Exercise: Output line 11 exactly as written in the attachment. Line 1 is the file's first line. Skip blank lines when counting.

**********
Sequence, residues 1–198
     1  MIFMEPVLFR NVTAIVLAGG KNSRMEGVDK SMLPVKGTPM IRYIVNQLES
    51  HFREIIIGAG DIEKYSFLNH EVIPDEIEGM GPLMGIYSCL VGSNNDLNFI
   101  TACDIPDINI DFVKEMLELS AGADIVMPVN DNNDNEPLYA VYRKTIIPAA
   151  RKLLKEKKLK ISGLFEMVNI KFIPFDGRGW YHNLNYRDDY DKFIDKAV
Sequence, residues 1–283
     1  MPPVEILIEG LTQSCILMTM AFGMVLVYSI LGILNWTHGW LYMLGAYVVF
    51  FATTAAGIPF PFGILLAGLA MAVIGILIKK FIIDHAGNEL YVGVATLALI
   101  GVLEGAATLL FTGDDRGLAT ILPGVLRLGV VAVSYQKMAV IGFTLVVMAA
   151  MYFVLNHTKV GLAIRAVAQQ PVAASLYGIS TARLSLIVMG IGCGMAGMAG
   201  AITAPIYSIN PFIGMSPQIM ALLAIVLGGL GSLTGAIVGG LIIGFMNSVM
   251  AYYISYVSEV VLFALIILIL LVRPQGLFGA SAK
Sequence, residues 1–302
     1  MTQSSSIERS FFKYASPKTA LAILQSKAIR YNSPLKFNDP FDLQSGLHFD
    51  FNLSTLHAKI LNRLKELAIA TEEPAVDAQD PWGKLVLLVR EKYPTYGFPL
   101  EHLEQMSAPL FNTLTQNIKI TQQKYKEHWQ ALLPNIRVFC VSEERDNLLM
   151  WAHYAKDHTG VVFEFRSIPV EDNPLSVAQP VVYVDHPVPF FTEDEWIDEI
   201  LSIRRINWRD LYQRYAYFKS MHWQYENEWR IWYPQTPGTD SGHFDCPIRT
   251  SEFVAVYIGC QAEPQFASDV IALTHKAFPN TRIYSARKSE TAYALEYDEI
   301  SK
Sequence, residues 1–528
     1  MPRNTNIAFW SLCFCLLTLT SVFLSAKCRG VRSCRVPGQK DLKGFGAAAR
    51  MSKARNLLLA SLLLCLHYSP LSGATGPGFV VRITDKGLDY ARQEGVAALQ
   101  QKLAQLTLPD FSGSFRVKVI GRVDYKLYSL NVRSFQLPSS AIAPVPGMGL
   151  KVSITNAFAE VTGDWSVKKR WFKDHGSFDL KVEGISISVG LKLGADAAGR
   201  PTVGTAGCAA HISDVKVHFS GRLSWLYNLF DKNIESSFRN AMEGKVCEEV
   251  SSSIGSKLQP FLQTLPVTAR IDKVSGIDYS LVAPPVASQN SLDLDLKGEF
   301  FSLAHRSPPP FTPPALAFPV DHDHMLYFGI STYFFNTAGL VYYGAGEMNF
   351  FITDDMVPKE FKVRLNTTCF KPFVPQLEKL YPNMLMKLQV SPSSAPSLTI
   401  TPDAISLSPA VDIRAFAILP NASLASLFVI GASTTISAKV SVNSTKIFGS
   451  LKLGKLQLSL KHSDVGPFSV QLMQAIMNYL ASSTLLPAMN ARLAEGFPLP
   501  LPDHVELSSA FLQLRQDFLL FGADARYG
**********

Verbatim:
   201  AITAPIYSIN PFIGMSPQIM ALLAIVLGGL GSLTGAIVGG LIIGFMNSVM